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The Union Pacific Railroad Company and a coalition of marine, port and transportation interests have filed separate lawsuits challenging the city of Oakland’s certification of an environmental impact report (EIR) for the proposed new waterfront ballpark for the Oakland Athletics.

The project is ambitious: it includes a 35,000-seat baseball stadium and event venue at the Howard Terminal site, up to 3,000 new residential units, up to 1.5 million square feet of new office and commercial uses, 270,000 square feet of retail uses, a 3,500-seat indoor performance venue for events, and 400 hotel rooms.

The project moved a big step closer to reality on March 1, when the Oakland City Council certified a final EIR.

An EIR is a government planning document that must identify and consider the environmental impacts of a proposed project as well as alternatives and mitigation strategies. The EIR has multiple purposes, including helping government officials make better decisions, informing the public of the issues, and promoting accountability.

When the Oakland council certified the final EIR and issued a “Notice of Determination,” it triggered a 30-day period in which affected parties may file suit to challenge the adequacy of the report.

On Friday, April 1, before the 30 days expired, the two lawsuits were filed in Alameda County Superior Court. Each seeks to set aside the City Council’s certification of the EIR and send the agencies involved back to the drawing board.

While the suits have slightly different focuses, both broadly attack the EIR and the process that the agencies followed in preparing, noticing, disseminating, amending, and ultimately finalizing the analyses.

Trouble for trains

Among the many alleged flaws that the challengers raise are the EIR’s failure to adequately consider alternatives to the Howard Terminal site, and its alleged failure to assess the impacts of the project at the intended location. Each suit urges the court to find that the government officials involved abused their discretion in certifying the EIR.

Union Pacific operates train lines that service the Port of Oakland and pass near the site of the proposed stadium at ground level.

Noting that the project will cause a “significant increase of congestion in local and regional roadways,” UP says it is concerned that the volume of pedestrian and motor traffic accessing the ballpark will “exacerbate roadway congestion and create significant safety risks for the public,” according to a statement.

Three sets of railroad tracks cross Market Street at the entrance of Howard Terminal. Union Pacific argues that the ballpark proposed for the area would result in more traffic, creating both delays for trains and safety issues for vehicles and pedestrians if the crossing remains at grade. (Google image)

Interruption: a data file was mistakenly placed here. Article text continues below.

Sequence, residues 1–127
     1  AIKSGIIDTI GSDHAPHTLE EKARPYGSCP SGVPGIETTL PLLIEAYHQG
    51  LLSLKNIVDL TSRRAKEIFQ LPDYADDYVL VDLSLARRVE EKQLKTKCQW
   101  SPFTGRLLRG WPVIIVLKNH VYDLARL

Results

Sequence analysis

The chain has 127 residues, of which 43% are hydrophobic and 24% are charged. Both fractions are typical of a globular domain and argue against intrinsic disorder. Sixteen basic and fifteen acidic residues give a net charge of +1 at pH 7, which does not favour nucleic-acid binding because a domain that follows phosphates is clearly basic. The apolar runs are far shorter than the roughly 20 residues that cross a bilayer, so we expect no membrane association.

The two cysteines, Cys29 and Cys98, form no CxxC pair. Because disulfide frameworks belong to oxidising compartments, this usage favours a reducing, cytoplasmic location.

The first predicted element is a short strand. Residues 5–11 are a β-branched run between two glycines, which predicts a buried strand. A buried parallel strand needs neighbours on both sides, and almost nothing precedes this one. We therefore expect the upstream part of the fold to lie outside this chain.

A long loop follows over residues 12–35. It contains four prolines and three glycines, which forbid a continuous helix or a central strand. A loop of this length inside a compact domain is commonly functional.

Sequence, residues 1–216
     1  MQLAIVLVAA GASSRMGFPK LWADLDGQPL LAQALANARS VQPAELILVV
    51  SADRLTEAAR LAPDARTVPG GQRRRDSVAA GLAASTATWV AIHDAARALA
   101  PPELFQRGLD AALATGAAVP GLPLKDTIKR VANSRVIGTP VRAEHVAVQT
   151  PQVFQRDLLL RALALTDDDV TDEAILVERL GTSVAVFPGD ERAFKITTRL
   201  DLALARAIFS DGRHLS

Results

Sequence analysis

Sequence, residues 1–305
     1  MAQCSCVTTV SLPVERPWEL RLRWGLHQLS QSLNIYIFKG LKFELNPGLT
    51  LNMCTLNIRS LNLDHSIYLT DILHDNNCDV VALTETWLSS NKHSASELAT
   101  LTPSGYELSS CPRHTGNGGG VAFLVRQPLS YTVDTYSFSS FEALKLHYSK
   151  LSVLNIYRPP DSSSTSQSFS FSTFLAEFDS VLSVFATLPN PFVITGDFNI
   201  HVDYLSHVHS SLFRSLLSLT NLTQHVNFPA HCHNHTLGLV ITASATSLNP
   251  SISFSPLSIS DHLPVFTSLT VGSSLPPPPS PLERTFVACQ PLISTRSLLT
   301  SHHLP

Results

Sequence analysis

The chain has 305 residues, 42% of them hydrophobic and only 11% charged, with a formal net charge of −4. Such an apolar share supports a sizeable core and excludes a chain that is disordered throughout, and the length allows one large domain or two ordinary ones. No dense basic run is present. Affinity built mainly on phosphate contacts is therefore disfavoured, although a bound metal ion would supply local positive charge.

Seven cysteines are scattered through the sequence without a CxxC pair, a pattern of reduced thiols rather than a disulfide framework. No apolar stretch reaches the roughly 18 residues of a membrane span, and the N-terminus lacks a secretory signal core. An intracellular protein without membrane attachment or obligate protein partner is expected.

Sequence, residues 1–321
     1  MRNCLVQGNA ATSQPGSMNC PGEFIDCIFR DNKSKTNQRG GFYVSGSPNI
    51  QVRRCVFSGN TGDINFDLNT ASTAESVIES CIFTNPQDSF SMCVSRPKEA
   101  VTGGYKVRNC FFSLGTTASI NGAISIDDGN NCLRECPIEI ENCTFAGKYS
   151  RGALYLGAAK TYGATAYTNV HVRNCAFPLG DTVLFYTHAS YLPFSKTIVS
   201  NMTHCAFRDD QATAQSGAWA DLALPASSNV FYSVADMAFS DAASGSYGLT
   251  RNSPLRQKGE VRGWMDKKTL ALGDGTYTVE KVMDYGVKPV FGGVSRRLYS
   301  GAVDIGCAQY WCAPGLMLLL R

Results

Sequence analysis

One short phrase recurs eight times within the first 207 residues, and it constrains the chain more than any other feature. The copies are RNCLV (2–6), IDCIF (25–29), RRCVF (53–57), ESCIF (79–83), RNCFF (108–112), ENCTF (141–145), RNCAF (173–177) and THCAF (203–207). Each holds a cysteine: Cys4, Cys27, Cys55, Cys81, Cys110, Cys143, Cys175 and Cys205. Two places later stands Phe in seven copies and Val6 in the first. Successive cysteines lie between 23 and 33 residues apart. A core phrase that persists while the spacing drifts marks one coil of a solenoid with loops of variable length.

In its lawsuit, UP says that the EIR failed to give adequate consideration to mitigating the environmental impacts by what it calls “full grade separation” between rail and motor vehicle travel.

A spokesperson for UP explained that in this context, full grade separation means “that the primary access points to Howard Terminal are via an underpass or an overpass that would be built over our railroad tracks, eliminating either vehicle or pedestrian contact with our at-grade (ground) crossings. Specifically, we want grade separated access developed at both the Market St. and MLK Jr. St. access points.”

The EIR explored grade separation by having the roadway overpass the train tracks, but ultimately decided to address traffic and congestion through other mitigation strategies.

The UP spokesperson said, “The Oakland A’s and the City of Oakland all intend for those two streets to remain open, with at-grade railroad crossings, which is not only dangerous, but would create congestion when trains are either moving or stopped within the crossing for associated switching operations in the railyards.”

‘Massive displacement and gentrification’

The coalition lawsuit is led by East Oakland Stadium Alliance, self-described as “a large and diverse group of organizations and members with significant interests in ensuring the continued success and vitality of maritime-related industrial uses, including transportation and union-related interests, in and near the Port of Oakland.”

Other named plaintiffs in the suit include Schnitzer Steel Industries, a metal recycling business near the terminal, the International Longshore and Warehouse Union, as well as associations of shipping and trucking industry businesses.

According to the coalition, the project “proposes massive displacement and gentrification of this highly industrialized area.”

Among the many deficiencies that the coalition raises is the allegedly inadequate consideration of the option of building the stadium at the site of the A’s current home ballpark, the Coliseum.

Many of the coalition’s challenges are directed at procedural issues, including its allegation that the city released extensive new information after comments were closed, depriving interested parties of the right to consider and address the new information.

Justin Berton, speaking for Oakland Mayor Libby Schaaf, said the lawsuits were expected.

“The City stands by the integrity of its process and analysis … this particular EIR is exceedingly rigorous, thorough, transparent, and ensures a waterfront ballpark district will be built with only the highest environmental standards.”